How companies compensate their employees and executives matters.
When the White House and GOP leaders passed the unpopular Tax Cuts and Jobs Act, they promised the 40 percent reduction in the corporate tax rate would benefit workers via higher wages and more corporate investment. Instead, the tax law has fueled stock buybacks and incentivized offshore tax havens.
For far too long, some elected officials and the corporate-funded think tanks and special interests that back them have sought to define the vast economic divide as inevitable, as in the rich work hard for what they have and if you’re poor or low-income, you simply haven’t worked hard enough. This paper delves into and debunks these pernicious myths that have helped define too many of our public policies.
The U.S. middle class grew significantly during the 20th century in part because the nation put in place public policies that helped families access economic opportunity and grow wealth. But the harsh truth is that, by design, these public policies benefited white communities most and often deliberately exclude communities of color.
A look at flaws in the so-called Tax Cuts and Jobs Act and recommendations to undo the damage the law inflicted upon low- and moderate-income people, while rewarding corporations and the wealthy.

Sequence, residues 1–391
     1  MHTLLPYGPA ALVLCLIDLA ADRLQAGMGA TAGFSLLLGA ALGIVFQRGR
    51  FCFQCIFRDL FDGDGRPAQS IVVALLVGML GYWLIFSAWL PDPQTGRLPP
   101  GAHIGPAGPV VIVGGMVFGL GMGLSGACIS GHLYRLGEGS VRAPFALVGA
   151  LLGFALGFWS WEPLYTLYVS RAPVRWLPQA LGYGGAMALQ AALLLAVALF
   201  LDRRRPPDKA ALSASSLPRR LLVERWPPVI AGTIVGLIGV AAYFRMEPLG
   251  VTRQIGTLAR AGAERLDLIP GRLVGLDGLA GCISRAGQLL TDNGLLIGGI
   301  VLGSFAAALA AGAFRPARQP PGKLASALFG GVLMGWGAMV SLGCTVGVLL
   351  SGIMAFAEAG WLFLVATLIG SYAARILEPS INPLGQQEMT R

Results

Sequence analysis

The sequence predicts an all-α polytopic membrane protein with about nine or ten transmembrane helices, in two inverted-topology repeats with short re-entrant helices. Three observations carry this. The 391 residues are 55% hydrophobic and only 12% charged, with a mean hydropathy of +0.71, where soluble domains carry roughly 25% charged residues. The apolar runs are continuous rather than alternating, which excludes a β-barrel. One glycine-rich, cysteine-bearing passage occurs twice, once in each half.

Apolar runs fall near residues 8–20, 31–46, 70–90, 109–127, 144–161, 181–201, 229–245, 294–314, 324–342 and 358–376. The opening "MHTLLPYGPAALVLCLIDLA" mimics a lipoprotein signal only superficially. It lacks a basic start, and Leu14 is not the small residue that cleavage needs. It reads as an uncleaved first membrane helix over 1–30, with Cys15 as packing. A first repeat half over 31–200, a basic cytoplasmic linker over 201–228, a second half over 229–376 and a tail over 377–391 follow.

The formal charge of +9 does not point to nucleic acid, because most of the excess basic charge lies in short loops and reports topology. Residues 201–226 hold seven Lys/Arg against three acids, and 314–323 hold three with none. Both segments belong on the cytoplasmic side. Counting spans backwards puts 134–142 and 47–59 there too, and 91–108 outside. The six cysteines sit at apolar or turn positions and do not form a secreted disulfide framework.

This paper argues that public firms are increasingly extractive and unproductive, that shareholders and managers are reducing investments in the things that grow the economy, and that workers, consumers, and the government are being scammed. All of this hurts shared prosperity.
This paper by the Institute for Policy Studies outlines how states can address poverty and inequality in spite of the federal tax law.
This paper explores how this precarious combination has lined the pockets of the elite at the expense of working people.
This ITEP report outlines seven options for Congress to enact progressive, revenue-raising tax policies that the public has long desired, including the enactment of a wealth tax and strengthening the estate tax.
Expanding the Earned Income Tax Credit to include family caregivers is one step toward ensuring tax policies recognize unpaid care work.